As far as her own writing, she’s “on the hunt” for a literary agent for a picture book written by her and illustrated by her sister.
“I love the business side of writing almost as much as I love the creative side of it,” she said.
She has two non-fiction projects planned, as well.
For one of these projects, she’ll interview Pinellas County residents “who have had an impact on Safety Harbor in some way,” she said. “I plan to write their short histories to help keep the past part of our memories, especially with so much change happening throughout the area. It’s important to not let these stories get lost.”
The other non-fiction project is more personal. This book will be about growing up in California in the 1970s in the area that later became Silicon Valley.
In recent years, Tamara Lush has split her time between her job as an AP reporter and her burgeoning romance/erotica writing career.
Starting this month, she’ll take be taking a nine-month leave, during which she’ll give all of her attention to her “sexy books for sharp women.”
This year she’ll publish a romance series about a family that owns a resort on a Florida island. She’ll serialize the five-book series on the Radish Fiction app and will later publish it on Amazon. The first book in the series is called All I Want.
Eerie Florida and Freaky Florida author Mark Muncy has a third spooky title set to be released by The History Press in September.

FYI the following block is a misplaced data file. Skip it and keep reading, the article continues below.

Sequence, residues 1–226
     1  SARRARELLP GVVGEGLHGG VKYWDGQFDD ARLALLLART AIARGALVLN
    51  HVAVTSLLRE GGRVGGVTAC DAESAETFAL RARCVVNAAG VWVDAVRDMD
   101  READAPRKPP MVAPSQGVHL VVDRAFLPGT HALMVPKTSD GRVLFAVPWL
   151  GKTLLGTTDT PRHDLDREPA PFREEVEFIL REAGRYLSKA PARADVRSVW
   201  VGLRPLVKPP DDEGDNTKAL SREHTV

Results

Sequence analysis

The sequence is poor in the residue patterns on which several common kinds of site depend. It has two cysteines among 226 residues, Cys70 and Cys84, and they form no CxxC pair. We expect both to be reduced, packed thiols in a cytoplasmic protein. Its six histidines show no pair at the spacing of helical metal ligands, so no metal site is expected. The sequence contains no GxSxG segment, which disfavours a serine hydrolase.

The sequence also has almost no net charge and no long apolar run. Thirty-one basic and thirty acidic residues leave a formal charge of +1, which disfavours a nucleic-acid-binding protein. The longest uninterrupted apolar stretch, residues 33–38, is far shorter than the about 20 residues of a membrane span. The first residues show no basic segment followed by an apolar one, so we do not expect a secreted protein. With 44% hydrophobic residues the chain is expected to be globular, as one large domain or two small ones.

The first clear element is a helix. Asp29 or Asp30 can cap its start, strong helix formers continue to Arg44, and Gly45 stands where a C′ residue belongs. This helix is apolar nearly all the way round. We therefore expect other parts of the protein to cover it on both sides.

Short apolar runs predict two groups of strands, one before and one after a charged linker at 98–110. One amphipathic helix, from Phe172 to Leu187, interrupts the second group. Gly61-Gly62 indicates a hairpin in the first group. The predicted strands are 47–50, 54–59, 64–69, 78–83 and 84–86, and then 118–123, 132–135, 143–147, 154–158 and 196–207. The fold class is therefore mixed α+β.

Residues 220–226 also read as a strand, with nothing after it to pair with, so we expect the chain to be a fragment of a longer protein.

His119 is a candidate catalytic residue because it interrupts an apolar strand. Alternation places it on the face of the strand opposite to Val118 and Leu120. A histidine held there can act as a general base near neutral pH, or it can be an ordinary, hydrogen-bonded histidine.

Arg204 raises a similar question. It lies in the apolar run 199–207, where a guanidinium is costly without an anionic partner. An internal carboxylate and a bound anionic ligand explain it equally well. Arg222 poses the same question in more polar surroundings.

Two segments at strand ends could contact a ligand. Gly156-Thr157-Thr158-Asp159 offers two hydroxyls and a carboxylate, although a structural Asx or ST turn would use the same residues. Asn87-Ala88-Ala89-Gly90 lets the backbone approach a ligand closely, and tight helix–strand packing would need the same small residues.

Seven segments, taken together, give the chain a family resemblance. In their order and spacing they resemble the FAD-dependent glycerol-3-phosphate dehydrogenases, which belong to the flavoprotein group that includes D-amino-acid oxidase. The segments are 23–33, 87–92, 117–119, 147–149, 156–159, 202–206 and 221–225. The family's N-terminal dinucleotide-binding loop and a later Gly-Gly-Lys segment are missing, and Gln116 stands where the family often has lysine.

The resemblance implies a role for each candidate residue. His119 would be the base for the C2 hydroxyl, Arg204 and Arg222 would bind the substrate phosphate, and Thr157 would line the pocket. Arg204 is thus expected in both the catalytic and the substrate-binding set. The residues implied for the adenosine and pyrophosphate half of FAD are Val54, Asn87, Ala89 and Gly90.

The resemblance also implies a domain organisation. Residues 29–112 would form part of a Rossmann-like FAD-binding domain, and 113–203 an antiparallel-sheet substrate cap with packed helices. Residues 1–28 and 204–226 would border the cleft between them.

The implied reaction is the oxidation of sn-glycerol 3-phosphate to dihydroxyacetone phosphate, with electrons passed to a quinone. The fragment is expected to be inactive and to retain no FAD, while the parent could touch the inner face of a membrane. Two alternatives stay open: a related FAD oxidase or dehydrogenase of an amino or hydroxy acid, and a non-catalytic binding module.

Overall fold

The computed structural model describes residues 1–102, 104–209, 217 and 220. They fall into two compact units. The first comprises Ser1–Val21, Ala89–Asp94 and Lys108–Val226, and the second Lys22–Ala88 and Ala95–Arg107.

He also hopes to delve back into writing fiction for the first time in decades. The last stories and novella he published came out in 1992. After that, he focused more on non-fiction and screenwriting
“Mostly for old ‘90s TV shows and other projects,” he said. “Most were spitballs that never saw the light of day.”
Now, he’s ready to give fiction another go and already has two ideas in mind – an urban horror/fantasy and a sci-fi adventure. He already has early chapters and outlines written for each book.
“We’ll see how it goes,” Muncy said.
Gulfport author John Russo has completed a revision of Tabula Rasa, the first novel in his Angela Fournier series, which he’ll be uploading soon. He’s also hard at work writing the fourth novel in the series, Whiteburn, as well as a novella that shares the story of Angela’s parents.
From an administrative standpoint, he’ll be moving all of his books, which are self-published, to IngramSpark, and the digital versions to Draft2Digital.
Paranormal investigator, author and artist Brandy Stark will revamp her book, Supernatural St. Petersburg and Paranormal Pinellas: The Lesser-Known Haunts of West Central Florida, in 2019. She plans to add a new chapter on “lesser known local haunted places,” she said.
She’s also organizing a Valentween event that will take place Feb. 9 at The Art Lofts in St. Petersburg. This art show will feature Gothic Valentine-themed work.